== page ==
Tuesday, November 18, 2014

Bloody Hell! It's British Horror Week! - Asylum (Roy Ward Baker, 1972)

So my plans to have a belated Halloween blogathon went right out of the window but no matter, there's always next year! On the watching films front I've been busy as ever though and for the next week/possibly till the end of the month, I'm gonna be talking about an area which has been shamefully neglected by me up until recently... homegrown horror!

While there are certainly many British horror films I love, some of which have been firm favourites for years, for some reason I still haven't checked out as many of the classics of the British horror canon as I no doubt should have. This recent kick I've been on started somewhat accidentally with the film I'll be looking at today, but when I discovered that Hammer are celebrating their 80th anniversary this month, I decided to start immersing myself in as much Anglo-horror as possible.

I'll be getting to Hammer in due course over the next week (including a write up of a moviethon I had to celebrate said birthday) but the first few films are courtesy of Amicus...

The first thing that struck me (and stuck with me afterwards) while watching the opening titles is the use of music. While credited to Amicus regular Douglas Gamley, the majority (as will be obvious to classical music fans and anyone who's seen Fantasia) is actually by Modest Mussorgsky. The piece that bookends the film is Night on Bald Mountain, which was most famously put to moving pictures back in 1940 by Walt Disney, and there are a couple of bits from Pictures at an Exhibition ("Gnomus" and "The Hut on Hen's Legs"), which Gamley apparently created a full orchestral version of, so clearly he was a big fan. Music trivia aside, what of the actual movie?

Asylum is, like many of the titles Amicus is famed for, an anthology film. The framing story, which is one of the best I've seen from the form, concerns Dr. Martin (Robert Powell), a psychiatrist who arrives at the eponymous institution for an interview for the position of top shrink. Things seem a bit dodgy right off the bat frankly, with him being met by a Dr. Rutherford (played by Patrick Magee, which should always set alarm bells ringing) rather than the Dr. Starr he was expecting to see. It turns out that the latter went mad (by proxy perhaps?) and is now an inmate... and furthermore he was apparently responsible for the fact that the former now needs a wheelchair. Eschewing the usual conventions of job interviews, Dr. Rutherford tells Dr. Martin that if he can guess which of the four incurable patients they have is Dr. Starr, the job is his.

After a extremely ominous trip up some stairs, past plenty of damn creepy prints of asylums of old (all to the tune of the aforementioned "Gnomus", which I also recognise from The Big Lebowski, of all movies), Martin is met by an attendant called Max (Geoffrey Bayldon, who, if my research is correct, replaced Spike Milligan at the 11th hour), who takes him to see the four patients. Martin tries picking Max's brain for clues but it's clear he's been given the heads up by Rutherford and is keeping his cards close to his chest as a result. And as is no doubt obvious, the four patients relate the stories that comprise the majority of the movie.

One issue often observed regarding anthology films is that the quality of the stories is, most of the time, somewhat inconsistent. Personally, I didn't find that to be the case in Asylum. While some may arguably be stronger than others, none seemed like a weak link to me. And there's a good mix on display, from the overtly supernatural to the more subtle and psychological. The first story, "Frozen Fear" falls into the former category, being an E.C. comics-esque tale of revenge from beyond the grave. Occult forces are also at work in the second story, "The Weird Tailor", which is perhaps my favourite, no doubt largely due to the presence of Peter Cushing, who gives a characteristically scene stealing performance... and like in Tales from the Crypt from the same year, it has an undercurrent of heartbreaking reality about it, no doubt due to the passing of his beloved wife Helen the year before.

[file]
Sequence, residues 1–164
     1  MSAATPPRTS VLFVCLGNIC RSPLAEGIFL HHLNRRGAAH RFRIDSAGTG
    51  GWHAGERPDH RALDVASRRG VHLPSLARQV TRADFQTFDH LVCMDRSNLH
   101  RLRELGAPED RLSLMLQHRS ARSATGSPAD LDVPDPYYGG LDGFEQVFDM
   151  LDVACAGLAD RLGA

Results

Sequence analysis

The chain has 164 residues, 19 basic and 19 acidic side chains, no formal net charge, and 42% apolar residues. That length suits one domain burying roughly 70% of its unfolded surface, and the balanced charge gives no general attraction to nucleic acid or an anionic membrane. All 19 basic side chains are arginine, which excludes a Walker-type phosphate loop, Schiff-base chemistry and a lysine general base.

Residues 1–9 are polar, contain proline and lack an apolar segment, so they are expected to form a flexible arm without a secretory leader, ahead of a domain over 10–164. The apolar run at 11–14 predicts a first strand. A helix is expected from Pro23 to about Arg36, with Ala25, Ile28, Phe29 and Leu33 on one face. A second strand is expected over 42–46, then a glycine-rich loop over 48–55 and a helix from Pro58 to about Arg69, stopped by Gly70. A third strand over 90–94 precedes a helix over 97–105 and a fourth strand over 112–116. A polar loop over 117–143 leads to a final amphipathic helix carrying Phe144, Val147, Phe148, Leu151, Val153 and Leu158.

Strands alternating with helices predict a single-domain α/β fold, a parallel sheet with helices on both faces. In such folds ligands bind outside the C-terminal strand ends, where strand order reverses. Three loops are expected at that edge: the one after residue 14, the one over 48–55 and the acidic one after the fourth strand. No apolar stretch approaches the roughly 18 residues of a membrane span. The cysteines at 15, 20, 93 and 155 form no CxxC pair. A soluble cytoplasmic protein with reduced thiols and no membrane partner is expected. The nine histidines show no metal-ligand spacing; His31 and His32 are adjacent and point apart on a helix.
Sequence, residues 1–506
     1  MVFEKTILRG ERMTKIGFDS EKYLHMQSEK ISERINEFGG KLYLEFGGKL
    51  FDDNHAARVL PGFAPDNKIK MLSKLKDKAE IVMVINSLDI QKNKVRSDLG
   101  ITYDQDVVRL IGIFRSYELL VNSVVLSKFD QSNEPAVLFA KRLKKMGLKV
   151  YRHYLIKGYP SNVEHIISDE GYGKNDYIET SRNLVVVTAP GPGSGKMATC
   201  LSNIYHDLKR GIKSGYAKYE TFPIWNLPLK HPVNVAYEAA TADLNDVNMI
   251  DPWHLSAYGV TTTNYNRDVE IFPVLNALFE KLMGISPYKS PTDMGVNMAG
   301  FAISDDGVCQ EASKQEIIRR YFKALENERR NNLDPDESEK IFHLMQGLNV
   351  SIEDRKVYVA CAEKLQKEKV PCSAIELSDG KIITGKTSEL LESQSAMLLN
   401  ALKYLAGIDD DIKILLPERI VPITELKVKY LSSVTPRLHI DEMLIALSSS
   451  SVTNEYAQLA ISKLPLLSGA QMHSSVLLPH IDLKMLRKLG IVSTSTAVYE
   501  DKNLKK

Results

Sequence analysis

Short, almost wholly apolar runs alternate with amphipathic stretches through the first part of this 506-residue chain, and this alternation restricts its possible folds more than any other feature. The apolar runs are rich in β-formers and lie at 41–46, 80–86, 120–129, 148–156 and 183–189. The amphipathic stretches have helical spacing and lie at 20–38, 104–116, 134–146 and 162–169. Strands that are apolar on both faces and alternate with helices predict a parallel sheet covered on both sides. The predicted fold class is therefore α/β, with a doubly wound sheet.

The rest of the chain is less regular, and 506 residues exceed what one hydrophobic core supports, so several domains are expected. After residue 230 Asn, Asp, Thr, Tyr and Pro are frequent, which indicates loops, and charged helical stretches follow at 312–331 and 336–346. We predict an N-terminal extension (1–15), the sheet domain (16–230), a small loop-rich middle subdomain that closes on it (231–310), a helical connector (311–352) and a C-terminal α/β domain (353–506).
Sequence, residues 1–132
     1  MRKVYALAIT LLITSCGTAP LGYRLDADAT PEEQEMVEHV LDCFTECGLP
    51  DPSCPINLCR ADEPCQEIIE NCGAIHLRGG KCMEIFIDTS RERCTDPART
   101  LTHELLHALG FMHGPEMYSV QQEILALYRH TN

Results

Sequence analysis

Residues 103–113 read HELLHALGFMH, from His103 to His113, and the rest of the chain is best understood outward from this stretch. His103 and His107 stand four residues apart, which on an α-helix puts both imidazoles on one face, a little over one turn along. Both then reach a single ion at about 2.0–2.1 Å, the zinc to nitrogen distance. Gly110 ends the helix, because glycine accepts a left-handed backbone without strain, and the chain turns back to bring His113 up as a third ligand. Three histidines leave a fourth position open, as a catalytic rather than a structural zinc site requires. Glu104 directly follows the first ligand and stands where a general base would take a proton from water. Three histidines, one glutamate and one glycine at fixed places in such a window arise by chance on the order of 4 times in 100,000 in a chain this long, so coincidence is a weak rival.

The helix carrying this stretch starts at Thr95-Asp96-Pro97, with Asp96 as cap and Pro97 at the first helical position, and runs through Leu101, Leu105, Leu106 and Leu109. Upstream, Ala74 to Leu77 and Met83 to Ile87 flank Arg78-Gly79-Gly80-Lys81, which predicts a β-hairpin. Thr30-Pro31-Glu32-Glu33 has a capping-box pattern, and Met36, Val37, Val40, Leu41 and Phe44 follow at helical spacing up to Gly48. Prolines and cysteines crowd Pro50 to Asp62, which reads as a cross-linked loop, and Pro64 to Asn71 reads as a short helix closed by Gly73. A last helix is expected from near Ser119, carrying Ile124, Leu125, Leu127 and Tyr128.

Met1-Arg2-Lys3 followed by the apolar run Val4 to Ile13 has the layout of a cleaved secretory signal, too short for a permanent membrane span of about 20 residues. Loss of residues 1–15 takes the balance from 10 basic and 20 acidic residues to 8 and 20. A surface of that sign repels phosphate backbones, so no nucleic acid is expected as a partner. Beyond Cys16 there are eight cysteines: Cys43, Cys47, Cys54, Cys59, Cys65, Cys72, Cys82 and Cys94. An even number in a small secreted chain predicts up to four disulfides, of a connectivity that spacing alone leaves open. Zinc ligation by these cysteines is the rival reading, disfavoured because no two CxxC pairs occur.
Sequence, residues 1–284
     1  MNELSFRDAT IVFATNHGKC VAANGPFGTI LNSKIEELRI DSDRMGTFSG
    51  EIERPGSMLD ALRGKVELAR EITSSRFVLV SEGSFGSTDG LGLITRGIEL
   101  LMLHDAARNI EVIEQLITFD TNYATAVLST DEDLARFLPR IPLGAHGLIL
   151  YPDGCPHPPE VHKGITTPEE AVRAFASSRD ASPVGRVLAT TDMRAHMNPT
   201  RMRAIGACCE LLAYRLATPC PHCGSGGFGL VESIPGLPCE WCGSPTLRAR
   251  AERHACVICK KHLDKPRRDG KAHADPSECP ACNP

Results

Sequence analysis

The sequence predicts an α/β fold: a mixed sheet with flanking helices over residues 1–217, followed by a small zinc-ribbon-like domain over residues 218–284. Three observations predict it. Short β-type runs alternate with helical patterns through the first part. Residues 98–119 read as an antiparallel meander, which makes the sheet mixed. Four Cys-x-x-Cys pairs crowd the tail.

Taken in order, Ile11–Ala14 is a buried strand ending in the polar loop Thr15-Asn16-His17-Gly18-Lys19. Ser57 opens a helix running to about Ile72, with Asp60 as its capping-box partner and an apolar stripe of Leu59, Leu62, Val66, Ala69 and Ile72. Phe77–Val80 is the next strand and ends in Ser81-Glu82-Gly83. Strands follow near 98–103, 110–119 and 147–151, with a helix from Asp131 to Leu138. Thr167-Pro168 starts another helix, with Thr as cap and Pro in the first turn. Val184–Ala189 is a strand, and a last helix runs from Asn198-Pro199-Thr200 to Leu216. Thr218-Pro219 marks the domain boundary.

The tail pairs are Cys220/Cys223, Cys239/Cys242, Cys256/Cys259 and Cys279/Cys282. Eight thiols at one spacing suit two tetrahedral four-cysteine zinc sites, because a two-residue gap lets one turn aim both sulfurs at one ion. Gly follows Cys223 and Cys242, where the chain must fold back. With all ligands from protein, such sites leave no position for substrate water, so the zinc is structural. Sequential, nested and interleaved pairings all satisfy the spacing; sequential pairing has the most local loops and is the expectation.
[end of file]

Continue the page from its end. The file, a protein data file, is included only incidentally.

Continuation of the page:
The third tale, "Lucy Comes to Stay", is more of a psychological thriller, but as I said earlier, this variety is most welcome and one of Asylum's strongest suits. And the final story, "Mannikins of Horror", is the probably the weirdest of the lot (though "The Weird Tailor", unsurprisingly, gives it a runs for its money), which is no bad thing in my book... and without giving anything away, this tale works its way into the overall wraparound, which is something I don't think I've seen in many other anthology movies (if any). 

Speaking of the wraparound, I wasn't completely taken with it the first viewing, no doubt due to some confusion regarding the order of events caused by seeing the movie so early in the morning and in such an intoxicated state (to be fair I had been at a wedding all day!). But re-watching it recently it all made much more sense and I can see why some call this their favourite Amicus anthology. I've a few to see yet before I can make that call, but currently I think I'd say the same. For one thing, I love how the film is bookended, as underscored by Night on Bald Mountain... and like at least two other Amicus anthologies I've seen, the very end has a cheeky bit of direct address to the audience. 

Add to this excellent performances across the board from a thoroughly committed (so to speak) cast (including the likes of Powell, Magee, Cushing, Sylvia Syms, Barry Morse, Charlotte Rampling and Herbert Lom, to name just a few), an ingeniously constructed script by Robert Bloch (adapted from four of his own stories) and some directorial flair from Roy Ward Baker. All in all a superlative example of the anthology format and already, after only two viewings, a firm favourite of mine.

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